A second, lesser flaw is rather an unusual one for Moore’s work: the equation of “goodness” to adherence to social norms. It is possible–even likely, given Moore’s frequent celebration of transgressive figures in his other work–that this equation is unintentional, but it nonetheless emerges. The comic depicts Batman and the Joker as broken, ultimately tragic figures, who inevitably bring destruction to themselves and others (most especially each other) as an extended consequence of “one bad day.” Both are ultimately therefore shown to be weaker than Commissioner Gordon, who experiences a similarly bad day and nonetheless insists that Batman take the Joker down “by the book.” His adherence to “the book,” in other words, and refusal to become a transgressive or monstrous figure, are how he endures the “bad day” and resists joining Batman and Joker in their tragic dance. (Off-panel, given her relative calm in the hospital scenes, Barbara Gordon does much the same, but the comic fails to notice that she has had at least as bad a day as her father and therefore does not explore what got her through it.)
This notion of “one bad day,” a test in which terrible things come down upon a person, is visualized in the comic by ubiquitous rain. The rain in turn often forms puddles, and each of our three main figures (Joker, Batman, Commissioner Gordon) gets at least one panel dominated by their reflection in a puddle, literally illustrating this notion that a person can be defined by their own particular bad day. The Joker is mistaken, however, and not just in the obvious sense that Gordon resists being transformed by his experiences. The man that became the Joker is likewise shown, albeit fairly subtly, to be the same person before and after his own bad day. The proto-Joker is petty, frustrated, and nihilistic from the start; he is fixated on the people he can’t make laugh and the material wealth he can’t acquire, while ignoring that he does make his lover laugh and she doesn’t mind that he’s not a financial success. His anger is apparent, but so is his fear; his response is to turn his anger inward, despair, and seek comfort. Only once his bad day has left him with nothing left to lose, and therefore nothing to fear, does that anger turn outward, but nonetheless it was there all along.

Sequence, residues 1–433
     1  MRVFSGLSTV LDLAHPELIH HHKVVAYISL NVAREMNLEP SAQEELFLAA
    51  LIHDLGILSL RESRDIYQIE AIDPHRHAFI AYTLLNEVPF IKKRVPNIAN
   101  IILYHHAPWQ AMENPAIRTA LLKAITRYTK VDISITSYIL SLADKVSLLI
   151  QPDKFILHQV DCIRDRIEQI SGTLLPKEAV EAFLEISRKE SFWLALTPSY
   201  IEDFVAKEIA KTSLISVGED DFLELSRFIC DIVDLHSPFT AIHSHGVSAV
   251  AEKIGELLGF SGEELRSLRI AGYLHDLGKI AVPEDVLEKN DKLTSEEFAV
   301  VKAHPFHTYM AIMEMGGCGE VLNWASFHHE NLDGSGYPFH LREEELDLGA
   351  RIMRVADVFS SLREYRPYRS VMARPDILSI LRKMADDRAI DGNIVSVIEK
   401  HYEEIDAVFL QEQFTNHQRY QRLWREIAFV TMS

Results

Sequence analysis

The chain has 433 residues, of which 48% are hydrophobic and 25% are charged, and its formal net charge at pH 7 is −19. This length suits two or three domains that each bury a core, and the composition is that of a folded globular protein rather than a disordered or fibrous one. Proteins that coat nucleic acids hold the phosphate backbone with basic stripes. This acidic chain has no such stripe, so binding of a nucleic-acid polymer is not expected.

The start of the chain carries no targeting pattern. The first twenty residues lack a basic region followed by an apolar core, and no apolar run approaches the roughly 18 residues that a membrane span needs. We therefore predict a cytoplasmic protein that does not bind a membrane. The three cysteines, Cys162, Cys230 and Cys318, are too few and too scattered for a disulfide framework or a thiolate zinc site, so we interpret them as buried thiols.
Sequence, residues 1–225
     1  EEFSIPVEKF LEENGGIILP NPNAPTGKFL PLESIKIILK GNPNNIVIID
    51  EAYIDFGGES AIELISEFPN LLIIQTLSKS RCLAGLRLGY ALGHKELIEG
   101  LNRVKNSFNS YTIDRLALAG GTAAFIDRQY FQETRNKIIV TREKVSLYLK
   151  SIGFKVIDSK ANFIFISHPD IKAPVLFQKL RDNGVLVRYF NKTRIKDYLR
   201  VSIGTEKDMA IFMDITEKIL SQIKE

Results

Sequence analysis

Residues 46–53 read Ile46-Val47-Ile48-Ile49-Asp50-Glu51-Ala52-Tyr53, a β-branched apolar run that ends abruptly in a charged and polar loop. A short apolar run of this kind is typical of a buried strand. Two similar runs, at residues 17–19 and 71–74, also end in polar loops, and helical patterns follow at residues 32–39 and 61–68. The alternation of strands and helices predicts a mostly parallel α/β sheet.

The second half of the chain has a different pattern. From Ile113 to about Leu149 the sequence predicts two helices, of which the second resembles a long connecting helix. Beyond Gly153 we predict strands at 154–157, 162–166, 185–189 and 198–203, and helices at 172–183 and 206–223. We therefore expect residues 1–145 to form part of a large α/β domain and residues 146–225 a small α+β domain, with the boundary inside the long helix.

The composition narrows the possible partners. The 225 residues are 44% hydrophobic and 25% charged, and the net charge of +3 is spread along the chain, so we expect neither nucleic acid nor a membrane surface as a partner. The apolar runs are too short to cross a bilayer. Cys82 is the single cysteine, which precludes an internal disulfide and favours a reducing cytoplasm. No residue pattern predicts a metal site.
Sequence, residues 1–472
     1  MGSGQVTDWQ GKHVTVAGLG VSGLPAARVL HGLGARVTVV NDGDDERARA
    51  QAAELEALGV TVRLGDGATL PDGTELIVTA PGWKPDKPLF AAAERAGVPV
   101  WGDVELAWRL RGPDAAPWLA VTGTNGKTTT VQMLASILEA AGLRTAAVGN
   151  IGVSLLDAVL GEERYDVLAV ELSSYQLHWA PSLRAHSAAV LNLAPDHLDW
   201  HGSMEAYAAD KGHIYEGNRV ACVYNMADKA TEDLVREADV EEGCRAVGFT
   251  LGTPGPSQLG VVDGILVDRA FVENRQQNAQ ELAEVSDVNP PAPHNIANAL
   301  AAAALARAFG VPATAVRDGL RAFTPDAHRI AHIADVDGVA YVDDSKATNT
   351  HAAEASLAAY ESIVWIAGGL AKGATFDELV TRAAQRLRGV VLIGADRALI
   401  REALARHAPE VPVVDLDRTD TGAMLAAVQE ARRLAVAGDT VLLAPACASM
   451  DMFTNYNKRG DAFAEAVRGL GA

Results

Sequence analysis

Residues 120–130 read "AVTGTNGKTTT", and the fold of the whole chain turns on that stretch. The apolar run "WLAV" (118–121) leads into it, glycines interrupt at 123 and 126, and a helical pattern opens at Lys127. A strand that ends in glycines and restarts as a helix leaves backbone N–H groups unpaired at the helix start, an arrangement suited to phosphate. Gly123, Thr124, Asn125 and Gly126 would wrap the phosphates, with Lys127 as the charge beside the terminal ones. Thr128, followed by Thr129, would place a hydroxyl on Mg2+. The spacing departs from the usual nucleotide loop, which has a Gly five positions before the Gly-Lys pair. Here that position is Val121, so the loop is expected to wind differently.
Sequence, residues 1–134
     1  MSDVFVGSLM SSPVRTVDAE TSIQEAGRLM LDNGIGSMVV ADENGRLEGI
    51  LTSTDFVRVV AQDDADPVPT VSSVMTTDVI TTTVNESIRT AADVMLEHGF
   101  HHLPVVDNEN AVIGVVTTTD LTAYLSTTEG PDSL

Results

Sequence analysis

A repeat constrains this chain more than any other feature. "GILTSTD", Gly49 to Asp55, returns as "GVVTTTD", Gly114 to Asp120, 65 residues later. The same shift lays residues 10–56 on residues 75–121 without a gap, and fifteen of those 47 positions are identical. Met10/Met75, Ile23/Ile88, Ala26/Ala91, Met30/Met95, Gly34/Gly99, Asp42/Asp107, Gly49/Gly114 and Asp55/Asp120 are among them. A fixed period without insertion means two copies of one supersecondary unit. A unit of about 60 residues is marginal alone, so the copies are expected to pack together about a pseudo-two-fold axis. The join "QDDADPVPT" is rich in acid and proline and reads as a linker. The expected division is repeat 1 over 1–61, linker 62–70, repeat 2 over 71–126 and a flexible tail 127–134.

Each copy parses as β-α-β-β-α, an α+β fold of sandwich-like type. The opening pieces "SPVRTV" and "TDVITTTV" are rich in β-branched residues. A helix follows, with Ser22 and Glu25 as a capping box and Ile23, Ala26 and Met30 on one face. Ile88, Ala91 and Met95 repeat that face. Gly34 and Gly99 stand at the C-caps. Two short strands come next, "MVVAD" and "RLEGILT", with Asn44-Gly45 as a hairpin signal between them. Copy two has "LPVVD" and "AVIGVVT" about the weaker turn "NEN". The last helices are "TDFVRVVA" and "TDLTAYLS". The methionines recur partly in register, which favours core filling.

Batman, as the Joker observes, also had one bad day. This is the one place where the comic really works, and its strongest legacy in terms of influencing future depictions of the Joker: the Joker and Batman have a special relationship, not just as nemeses or foils or even reflections of one another, but as two beings that cannot exist without one another. Tim Burton will make this literal, in having Batman and the Joker be directly responsible for one another’s transformative moments, but in the comic it is more metaphorical. Batman helped create the Joker through his involvement in the chemical plant, but the Joker had no involvement in birthing the Bat. Instead, by laughing at the Joker’s joke at the end of the comic, Batman is paralleled to the proto-Joker’s dead lover, confirming Batman’s twice-stated belief that he or the Joker will inevitably kill the other–that is, Batman believes this because he, in a metaphorical sense, is the lover who died due to the Joker. But Batman is in part defined by his refusal to kill; thus, whether the Joker kills or is killed by Batman, that will be the end of Batman, which is at least as important as being his beginning.
Yet we have already seen that neither the Joker nor either of the Gordons is truly transformed by their single bad day; only Batman is, forged by his parents’ death. Yet isn’t that always the case with the most iconic superheroes? Batman is Batman because his parents are dead, just as Superman is Superman because his world is dead, just as Spider-Man is Spider-Man because Uncle Ben is dead. The Joker’s fundamental error, in other words, is in his misunderstanding of what one bad day creates: not villains, but superheroes.
Next week: Basically a Patrick Troughton episode.